Long-term capital gain

Long-term capital gain

A profit on the sale of a security or mutual fund share that has been held for more than one year.

Long-Term Capital Gain

The profit one realizes by selling a position one has held for longer than one year. For example, if one buys a stock or bond and sells it five years later for more than what one paid, this is considered a long-term capital gain. The government wishes to encourage long-term investment, and as such, long-term capital gains are usually entitled to preferential treatment for tax purposes; that is, they are taxed at a lower rate than most other income. See also: Long-term capital loss.

Long-term capital gain (or loss).

When you sell a capital asset that you have owned for more than a year at a higher price than you paid to buy it, any profit on the sale is considered a long-term capital gain.

If you sell for less than you paid to purchase the asset, you have a long-term capital loss.

Unlike short-term gains, which are taxed at your income tax rate, most long-term gains on most investments, including real estate and securities, are taxed at rates lower than the rates on ordinary income. Currently, those rates are 15% if you're in the 25% tax bracket or higher, and 5% if you are in the 10% or 15% bracket.

You can deduct your long-term losses from your long-term gains, and your short-term losses from your short-term gains, to reduce the amount on which potential tax may be due. You may also be able to deduct up to $3,000 in accumulated long-term losses from your ordinary income and carry forward losses you can't use in one tax year to deduct in the next tax year.

long-term capital gain

A gain on the sale of an asset held for more than one year.Currently longterm capital gains enjoy reduced tax rates over those imposed on short-term capital gains.

References in periodicals archive ?
stock fund, which they had bought several years ago for $35,000, generating a $15,000 long-term capital gain in a taxable account.
The dividend will be paid on March 29, 2018 on the shares of the Company's common stock outstanding as of the record date of March 22, 2018 and will be reported as a long-term capital gain for 2018.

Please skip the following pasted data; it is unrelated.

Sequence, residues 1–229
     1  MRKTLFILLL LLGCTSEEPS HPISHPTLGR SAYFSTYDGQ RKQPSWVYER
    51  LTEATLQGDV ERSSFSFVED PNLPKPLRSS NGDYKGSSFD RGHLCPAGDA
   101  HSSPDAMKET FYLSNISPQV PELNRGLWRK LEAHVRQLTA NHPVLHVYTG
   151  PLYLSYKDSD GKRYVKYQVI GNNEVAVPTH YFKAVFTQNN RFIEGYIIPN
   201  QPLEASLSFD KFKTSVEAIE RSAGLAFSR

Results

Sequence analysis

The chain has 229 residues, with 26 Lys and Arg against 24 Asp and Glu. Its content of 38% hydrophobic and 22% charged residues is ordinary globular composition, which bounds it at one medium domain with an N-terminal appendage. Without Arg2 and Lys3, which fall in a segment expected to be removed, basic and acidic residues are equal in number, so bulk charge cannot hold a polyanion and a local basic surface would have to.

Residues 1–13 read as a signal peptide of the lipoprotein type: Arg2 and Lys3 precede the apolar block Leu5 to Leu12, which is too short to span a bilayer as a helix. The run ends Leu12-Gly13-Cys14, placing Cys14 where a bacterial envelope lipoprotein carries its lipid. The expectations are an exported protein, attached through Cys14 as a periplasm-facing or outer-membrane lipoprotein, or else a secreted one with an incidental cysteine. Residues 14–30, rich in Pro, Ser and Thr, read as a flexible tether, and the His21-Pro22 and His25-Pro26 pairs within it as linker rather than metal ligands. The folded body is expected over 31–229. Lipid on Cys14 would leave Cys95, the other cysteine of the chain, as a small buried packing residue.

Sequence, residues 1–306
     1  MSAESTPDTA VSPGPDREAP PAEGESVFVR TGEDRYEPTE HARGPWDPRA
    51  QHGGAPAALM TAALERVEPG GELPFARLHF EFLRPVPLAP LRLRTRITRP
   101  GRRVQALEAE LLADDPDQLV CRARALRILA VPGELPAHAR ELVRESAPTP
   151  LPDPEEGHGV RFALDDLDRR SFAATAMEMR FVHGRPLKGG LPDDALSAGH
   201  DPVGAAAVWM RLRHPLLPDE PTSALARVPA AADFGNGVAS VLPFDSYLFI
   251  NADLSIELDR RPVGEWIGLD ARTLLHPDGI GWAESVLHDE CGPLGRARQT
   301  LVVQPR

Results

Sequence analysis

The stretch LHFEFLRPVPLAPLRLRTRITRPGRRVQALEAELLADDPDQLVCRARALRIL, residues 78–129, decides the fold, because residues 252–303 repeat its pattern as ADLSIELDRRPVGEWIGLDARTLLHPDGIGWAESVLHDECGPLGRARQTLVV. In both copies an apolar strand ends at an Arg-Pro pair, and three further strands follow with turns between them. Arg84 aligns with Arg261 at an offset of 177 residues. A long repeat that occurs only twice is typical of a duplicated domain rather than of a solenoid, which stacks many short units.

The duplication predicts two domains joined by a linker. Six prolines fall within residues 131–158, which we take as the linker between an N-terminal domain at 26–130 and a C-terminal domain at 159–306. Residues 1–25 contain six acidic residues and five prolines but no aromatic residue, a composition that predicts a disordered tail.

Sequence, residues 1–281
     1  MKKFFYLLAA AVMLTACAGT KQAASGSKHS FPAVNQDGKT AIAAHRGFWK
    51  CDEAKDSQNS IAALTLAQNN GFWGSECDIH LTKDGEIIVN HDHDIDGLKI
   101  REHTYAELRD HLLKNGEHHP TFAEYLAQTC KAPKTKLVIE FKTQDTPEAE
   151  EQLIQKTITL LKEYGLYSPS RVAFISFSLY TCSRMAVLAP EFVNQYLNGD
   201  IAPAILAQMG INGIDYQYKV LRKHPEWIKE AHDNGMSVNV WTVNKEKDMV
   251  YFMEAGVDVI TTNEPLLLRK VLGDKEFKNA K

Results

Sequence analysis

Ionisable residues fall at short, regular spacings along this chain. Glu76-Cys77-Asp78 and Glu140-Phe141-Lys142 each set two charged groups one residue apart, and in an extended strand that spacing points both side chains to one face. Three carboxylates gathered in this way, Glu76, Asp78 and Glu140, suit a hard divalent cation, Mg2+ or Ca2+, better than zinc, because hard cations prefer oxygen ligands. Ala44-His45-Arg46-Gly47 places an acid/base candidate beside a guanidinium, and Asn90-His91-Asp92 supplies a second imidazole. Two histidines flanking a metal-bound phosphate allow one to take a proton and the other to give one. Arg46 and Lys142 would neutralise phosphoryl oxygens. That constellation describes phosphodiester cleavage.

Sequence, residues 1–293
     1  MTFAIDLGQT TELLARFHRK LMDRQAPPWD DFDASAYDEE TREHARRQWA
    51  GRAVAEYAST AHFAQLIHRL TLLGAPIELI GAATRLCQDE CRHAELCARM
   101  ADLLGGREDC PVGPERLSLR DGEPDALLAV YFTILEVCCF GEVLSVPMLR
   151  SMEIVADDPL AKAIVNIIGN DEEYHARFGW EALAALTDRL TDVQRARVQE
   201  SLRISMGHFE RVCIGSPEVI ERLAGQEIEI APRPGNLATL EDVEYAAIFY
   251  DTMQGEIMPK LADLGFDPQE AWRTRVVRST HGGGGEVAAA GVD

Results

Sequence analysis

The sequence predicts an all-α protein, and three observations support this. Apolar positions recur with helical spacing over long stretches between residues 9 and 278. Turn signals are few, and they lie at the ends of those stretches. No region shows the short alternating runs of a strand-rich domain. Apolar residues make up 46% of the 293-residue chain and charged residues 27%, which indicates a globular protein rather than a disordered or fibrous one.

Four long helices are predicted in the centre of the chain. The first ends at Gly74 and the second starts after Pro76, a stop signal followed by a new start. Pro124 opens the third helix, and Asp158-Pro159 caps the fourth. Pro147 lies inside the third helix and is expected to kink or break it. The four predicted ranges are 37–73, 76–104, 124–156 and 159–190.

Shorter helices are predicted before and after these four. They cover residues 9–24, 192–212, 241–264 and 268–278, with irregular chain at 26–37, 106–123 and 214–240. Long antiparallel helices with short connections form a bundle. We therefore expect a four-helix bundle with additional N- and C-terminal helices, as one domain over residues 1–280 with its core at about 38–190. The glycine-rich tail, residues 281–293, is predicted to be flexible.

Capital gain rate differential adjustment of long-term capital gain
All or part of the distribution may be treated as long-term capital gain or qualified dividend income (or a combination of both).
The excess of net long-term capital gain over net short-term capital loss (if any) is net capital gain.
(3) In general, IRC Section 1260 targets the use of certain derivative contracts by taxpayers in arrangements that are primarily designed to convert what otherwise would be ordinary income and short-term capital gain into long-term capital gain. Congress was particularly concerned about derivative contracts with respect to partnerships and other pass-through entities.
If, in a single tax year, the gains from Section 1231 assets exceed the losses from Section 1231 assets, each Section 1231 asset sale is treated as either a long-term capital gain or loss.
whether the donor makes a specific election with respect to long-term capital gain property donated to public charities;
If you sold that stock, you'd have an $800 long-term capital gain and owe $120 to the Ins, at a 15% tax rate.
A new trend has been identified in the buy-to-let market whereby investors put down a high deposit hoping for a long-term capital gain.
Instead of receiving the $60,000 profits as a cash dividend, H sells all the stock for $160,000, realizing a long-term capital gain of $60,000 ($160,000 price--$100,000 adjusted basis).

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